Dad walks over to me. He’s carrying several slices of bread.
‘Hi,’ I say, giving him a look which I hope he understands means, I am so not impressed with this new pre-birthday arrangement.
Dad doesn’t seem to have noticed my look. I wonder what he’s doing with the bread.
‘For the ducks,’ he says when he catches me staring at it.
I nod and decide not to mention that I am no longer five years old and that feeding the ducks in the park doesn’t exactly excite me anymore.
‘Right,’ I say, as we head over to the pond.
‘So, Grace, how have you been?’
We sit down on the bench next to the willow tree.
Dig out your scarves and gloves – it looks like autumn is on its way! As it gets colder and darker outside, it’s a great time to practise your baking skills. Here at Jump, we can always make room for a dessert, and these ones are especially mouthwatering. Read on to find out about the five yummiest scrummiest recipes we have found online… and remember to ask an adult for help!
Sick of boring old normal trifle? No, we aren’t either… Still, this is an great twist on a classic recipe, and it’s vegetarian. The pumpkin and gingerbread make it a perfect dessert for this time of year – when you’ve scoffed this, you can get on with carving a pumpkin face!
Hello! My name is Lauren, I’m 22 and I’m at university training to be a vet. Like most vet students I like science and animals, what makes me a bit different is that I am partially deaf in both ears. I wanted to write about what it’s like to go to university and move away from home when you can’t hear properly.
My parents found out I was deaf when I was 5 years old, just after I started school. My sister is also hearing impaired and Mum had inadvertently taught us both to speak properly, which meant that doctors didn’t realize there was anything wrong. When I got older mum told me that she was really worried at the time that being deaf would affect what I was able to do in life, but so far it hasn’t.
Hi, my name’s Daisy and I have a passion for writing and poetry.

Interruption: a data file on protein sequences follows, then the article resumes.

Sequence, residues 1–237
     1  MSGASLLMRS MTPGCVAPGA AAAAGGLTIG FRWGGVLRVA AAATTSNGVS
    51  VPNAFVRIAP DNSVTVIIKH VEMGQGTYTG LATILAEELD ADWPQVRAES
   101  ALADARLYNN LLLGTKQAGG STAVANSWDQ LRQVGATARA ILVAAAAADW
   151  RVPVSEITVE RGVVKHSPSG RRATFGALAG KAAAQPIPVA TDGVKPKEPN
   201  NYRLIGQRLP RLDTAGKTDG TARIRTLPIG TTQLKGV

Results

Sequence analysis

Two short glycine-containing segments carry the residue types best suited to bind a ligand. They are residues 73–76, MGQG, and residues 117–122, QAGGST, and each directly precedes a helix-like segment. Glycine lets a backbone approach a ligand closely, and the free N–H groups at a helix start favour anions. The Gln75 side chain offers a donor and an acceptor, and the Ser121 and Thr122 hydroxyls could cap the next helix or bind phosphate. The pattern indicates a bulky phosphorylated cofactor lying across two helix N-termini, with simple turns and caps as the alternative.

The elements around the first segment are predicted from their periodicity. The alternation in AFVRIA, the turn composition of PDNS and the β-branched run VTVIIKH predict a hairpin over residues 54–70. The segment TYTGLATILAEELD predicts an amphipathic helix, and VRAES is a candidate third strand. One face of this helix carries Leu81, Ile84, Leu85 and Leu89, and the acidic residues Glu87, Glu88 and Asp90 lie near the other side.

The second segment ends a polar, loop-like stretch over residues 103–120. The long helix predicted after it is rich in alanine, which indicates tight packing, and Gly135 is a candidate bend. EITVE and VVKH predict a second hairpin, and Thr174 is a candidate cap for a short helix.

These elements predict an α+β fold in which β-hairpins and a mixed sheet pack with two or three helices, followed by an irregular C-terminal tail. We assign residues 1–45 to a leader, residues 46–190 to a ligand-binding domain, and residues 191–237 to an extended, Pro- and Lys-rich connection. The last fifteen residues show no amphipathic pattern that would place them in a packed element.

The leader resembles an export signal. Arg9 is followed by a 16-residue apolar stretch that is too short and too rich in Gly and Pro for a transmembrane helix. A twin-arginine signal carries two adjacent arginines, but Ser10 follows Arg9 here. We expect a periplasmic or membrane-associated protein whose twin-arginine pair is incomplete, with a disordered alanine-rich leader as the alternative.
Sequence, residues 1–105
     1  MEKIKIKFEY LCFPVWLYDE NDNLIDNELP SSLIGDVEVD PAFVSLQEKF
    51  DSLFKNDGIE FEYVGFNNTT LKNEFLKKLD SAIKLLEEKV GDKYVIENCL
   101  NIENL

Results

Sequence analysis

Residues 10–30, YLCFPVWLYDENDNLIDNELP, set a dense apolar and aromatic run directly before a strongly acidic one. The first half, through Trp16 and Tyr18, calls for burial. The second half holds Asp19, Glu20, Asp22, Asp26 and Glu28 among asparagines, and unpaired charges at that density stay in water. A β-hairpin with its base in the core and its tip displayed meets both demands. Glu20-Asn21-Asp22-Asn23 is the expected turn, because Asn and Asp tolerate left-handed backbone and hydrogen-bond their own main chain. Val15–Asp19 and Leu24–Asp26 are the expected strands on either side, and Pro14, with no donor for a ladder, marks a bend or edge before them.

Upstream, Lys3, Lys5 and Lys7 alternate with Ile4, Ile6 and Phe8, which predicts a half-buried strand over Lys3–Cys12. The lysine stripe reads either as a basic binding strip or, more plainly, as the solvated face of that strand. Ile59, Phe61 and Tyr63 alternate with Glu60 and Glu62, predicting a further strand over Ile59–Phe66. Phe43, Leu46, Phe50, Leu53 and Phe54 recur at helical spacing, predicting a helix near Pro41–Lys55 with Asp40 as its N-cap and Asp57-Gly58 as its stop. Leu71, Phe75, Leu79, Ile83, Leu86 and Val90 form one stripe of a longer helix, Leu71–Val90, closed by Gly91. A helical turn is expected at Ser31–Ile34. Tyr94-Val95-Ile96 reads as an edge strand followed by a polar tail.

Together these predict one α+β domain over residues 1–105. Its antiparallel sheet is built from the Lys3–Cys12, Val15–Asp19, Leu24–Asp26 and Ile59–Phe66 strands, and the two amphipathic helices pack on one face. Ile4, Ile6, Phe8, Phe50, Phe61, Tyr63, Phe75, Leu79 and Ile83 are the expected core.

One thing I like to write poems about are birds because they are such free and stunning creatures that fill the skies with their sweet sounding songs and happy chirps. I have written a poem about a bird flying in the Norfolk Countryside because that is where I live.
I wrote this poem when I was 10 years old. I have now just turned twelve so although it is not one of my latest poems I would still like to share it with you. If you know Norfolk you might recognise some of the places in the poem.
The strangest creatures are, to me,
The ones I love the best.
The creepy, crawly and the odd
Are cooler than the rest…
These magnificent beasties are the armoured vehicles of the insect population and the largest terrestrial-dwelling beetles in the UK. Their common name is a reference – unsurprisingly – to their antler-shaped “mandibles” or jaws, which they use to fight over territory, but not, perhaps surprisingly, to win the respect of female Stag Beetles..!
These Curious Creatures have intrigued me ever since I found an expired female stag beetle (see below ) in a south-west France many years ago. I drew it next to a blackbird’s feather, captivated by the different tones of black, the textural contrasts and inky depths of colour. I found it – and still find them all as a species – fascinating and beautiful, particularly the males, with their extraordinary maroon-red mandibles.